The rise of South Korean entertainers to pop culture dominance has been one of the odder stories of the 21st Century. It’s a little like the British Invasion of the 1960s.
An article in The Diplomat that is relatively informative by the standards of the genre, argues that the rise of pale-skinned Koreans has made Southeast Asian women even more obsessive about whitening their skins:
There are no signs that this deep-rooted trend is subsiding, despite recent media attention.
By Ana Salvá
December 02, 2019
… White skin may have long been an essential characteristic of Thai beauty, Jaray said, but that concept of “whiteness” has shifted.
“In Thai classical literature, heroines who are described as having a fair complexion, as if painted with gold, are considered as beautiful,” he said. “So, it’s the different shade of white that was a standard in the past. After the Western and Korean influences, the preferred shade is pinkish white.”
I believe Japanese geisha girls used to use white makeup even before Commodore Peary arrived.
All over the world, the Fair Sex tends to be slightly fairer than the male sex, which suggests that the assumption that fairness in women is a secondary sex characteristic. This subtle difference in average skin tone between the sexes used to be well-known, but the increase in racial diversity makes it harder to notice this.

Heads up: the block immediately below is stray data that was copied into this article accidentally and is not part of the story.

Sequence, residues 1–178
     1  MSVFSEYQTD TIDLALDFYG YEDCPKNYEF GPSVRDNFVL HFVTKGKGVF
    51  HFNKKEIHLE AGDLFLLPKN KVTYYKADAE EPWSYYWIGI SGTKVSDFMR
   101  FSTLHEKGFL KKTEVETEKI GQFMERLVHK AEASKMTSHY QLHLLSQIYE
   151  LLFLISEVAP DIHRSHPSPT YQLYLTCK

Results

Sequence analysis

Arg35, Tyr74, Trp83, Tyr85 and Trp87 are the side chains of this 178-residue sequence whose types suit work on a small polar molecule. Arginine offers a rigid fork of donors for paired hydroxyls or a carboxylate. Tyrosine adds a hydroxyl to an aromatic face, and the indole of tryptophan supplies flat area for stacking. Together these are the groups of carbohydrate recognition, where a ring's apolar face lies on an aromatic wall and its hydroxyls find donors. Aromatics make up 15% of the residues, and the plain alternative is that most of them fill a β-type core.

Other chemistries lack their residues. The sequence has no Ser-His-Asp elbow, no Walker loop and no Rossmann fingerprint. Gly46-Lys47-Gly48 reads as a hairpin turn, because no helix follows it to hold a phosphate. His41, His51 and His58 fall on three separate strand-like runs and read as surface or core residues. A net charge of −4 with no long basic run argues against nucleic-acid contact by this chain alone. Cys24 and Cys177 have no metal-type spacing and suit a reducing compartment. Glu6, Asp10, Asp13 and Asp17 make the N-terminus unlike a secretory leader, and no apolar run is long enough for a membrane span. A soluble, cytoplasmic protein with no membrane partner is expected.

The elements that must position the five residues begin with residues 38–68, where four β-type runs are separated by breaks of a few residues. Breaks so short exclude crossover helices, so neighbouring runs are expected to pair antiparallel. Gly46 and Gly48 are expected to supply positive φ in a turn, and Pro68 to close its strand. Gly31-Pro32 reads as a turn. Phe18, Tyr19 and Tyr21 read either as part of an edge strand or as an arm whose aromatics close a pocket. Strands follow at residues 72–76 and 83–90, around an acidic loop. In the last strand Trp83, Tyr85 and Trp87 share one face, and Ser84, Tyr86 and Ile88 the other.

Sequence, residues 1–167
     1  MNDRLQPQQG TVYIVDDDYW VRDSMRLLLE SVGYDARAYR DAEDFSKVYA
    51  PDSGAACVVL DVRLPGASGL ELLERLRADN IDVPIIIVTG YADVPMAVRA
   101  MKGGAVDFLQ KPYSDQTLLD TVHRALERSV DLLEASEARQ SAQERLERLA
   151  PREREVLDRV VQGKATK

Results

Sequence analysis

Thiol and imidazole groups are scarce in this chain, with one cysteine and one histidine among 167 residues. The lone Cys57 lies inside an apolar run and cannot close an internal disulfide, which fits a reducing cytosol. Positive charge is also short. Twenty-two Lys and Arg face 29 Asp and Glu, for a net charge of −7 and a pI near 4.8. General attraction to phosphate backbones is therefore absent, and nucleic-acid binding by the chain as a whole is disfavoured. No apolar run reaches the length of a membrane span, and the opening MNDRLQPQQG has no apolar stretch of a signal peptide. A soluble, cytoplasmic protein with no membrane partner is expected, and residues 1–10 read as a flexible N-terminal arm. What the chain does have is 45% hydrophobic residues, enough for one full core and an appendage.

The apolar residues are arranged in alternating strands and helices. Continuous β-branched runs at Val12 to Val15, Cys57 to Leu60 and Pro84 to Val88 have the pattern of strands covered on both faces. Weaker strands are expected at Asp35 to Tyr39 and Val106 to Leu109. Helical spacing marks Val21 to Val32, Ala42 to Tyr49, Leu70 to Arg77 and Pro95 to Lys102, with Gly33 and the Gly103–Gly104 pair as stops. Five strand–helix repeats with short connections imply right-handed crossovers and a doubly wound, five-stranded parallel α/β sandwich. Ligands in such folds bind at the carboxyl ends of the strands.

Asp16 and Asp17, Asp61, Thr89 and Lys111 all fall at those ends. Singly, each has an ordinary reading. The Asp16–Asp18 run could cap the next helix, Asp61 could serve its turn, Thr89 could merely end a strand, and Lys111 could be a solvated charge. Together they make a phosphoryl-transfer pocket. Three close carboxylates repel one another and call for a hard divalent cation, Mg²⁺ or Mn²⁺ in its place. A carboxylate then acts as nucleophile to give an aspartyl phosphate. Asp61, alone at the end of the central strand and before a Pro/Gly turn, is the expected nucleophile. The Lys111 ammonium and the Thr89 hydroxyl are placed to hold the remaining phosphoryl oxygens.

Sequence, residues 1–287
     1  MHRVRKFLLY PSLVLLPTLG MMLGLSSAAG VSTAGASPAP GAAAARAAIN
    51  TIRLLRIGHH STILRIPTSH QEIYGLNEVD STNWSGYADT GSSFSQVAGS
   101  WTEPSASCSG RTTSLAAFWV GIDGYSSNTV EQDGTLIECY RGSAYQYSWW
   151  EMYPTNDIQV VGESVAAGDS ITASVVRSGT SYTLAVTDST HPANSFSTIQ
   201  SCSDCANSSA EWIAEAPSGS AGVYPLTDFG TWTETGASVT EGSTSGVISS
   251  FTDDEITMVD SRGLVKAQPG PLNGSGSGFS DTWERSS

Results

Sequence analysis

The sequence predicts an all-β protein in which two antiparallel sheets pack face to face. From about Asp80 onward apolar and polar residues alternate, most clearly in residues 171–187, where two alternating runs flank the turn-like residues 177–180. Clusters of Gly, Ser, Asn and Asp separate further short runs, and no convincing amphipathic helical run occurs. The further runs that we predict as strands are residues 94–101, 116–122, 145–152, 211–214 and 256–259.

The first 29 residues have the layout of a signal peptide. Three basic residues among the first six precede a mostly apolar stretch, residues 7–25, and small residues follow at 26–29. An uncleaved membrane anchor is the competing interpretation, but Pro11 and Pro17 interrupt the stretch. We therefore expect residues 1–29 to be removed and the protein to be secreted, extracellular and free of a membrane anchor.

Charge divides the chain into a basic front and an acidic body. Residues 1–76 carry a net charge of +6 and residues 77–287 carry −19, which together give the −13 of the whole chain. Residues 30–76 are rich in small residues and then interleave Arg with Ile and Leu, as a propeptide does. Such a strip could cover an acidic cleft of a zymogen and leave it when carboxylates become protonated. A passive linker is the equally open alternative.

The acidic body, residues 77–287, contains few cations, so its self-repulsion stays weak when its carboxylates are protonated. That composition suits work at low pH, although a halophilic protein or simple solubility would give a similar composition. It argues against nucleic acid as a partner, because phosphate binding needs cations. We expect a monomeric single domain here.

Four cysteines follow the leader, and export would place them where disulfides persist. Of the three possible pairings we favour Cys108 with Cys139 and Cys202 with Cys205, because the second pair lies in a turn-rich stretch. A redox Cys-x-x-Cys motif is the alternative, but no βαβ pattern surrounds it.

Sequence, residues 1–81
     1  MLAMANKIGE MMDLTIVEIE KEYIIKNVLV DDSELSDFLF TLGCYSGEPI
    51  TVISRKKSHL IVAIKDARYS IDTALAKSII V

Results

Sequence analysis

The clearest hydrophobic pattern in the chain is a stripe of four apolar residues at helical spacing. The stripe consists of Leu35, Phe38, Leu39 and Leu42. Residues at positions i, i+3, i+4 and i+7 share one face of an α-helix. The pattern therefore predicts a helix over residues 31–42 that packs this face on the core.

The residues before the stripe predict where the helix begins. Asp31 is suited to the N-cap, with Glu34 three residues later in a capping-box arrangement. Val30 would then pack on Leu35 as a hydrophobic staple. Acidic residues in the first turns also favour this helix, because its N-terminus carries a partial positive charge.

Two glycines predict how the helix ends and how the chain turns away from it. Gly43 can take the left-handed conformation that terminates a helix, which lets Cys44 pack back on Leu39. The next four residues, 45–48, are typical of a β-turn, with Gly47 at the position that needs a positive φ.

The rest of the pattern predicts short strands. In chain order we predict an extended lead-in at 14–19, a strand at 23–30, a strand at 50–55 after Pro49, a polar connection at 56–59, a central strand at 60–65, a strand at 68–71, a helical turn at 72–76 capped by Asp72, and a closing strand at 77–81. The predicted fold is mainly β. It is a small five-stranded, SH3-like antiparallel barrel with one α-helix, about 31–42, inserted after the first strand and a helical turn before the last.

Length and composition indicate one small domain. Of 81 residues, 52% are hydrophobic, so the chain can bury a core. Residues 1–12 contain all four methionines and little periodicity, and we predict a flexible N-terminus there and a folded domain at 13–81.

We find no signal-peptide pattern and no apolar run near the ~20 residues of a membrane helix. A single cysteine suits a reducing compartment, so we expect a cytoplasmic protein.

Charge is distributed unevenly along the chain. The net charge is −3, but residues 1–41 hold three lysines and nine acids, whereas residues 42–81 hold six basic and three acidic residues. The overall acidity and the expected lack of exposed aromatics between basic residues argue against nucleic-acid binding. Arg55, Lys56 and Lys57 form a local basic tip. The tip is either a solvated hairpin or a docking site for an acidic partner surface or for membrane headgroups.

Indeed, the soaring popularity of Korean entertainment – especially pop music and television dramas – has exacerbated this obsession with white skin. Jaray said the trend began about 20 years ago when a Korean costume drama, “Dae Jang Guem,” which told the story of a female doctor elevated from being a royal maid during the historical Joseon period, became popular in Thailand, driving a new demand for Korean food and products.
“The images of Korean actors and beauty products have become common features of Thai entertainment sectors,” he said. “Korean-style beauty has therefore become synonymous with universal beauty for many Thais.” The proliferation of Korean beauty-related businesses in Thailand and their successful marketing have promoted Korean beauty standards; features include a V-shaped face, pearl-white skin, and a pointed, slender nose.
“I’ve heard a number of Thai tour operators have organized beauty surgery tours to Korea as their customers are very keen to have the same look as their favorite stars,” Jaray said. Indeed, there are television programs, such as “Let Me In Thailand” and a spin-off, “Let Me In Reborn,” that recruit people with facial disfigurements to compete for the chance to have plastic surgery in South Korea.
Or perhaps the rise of K-Pop has to do with the Asian prejudice for fair women?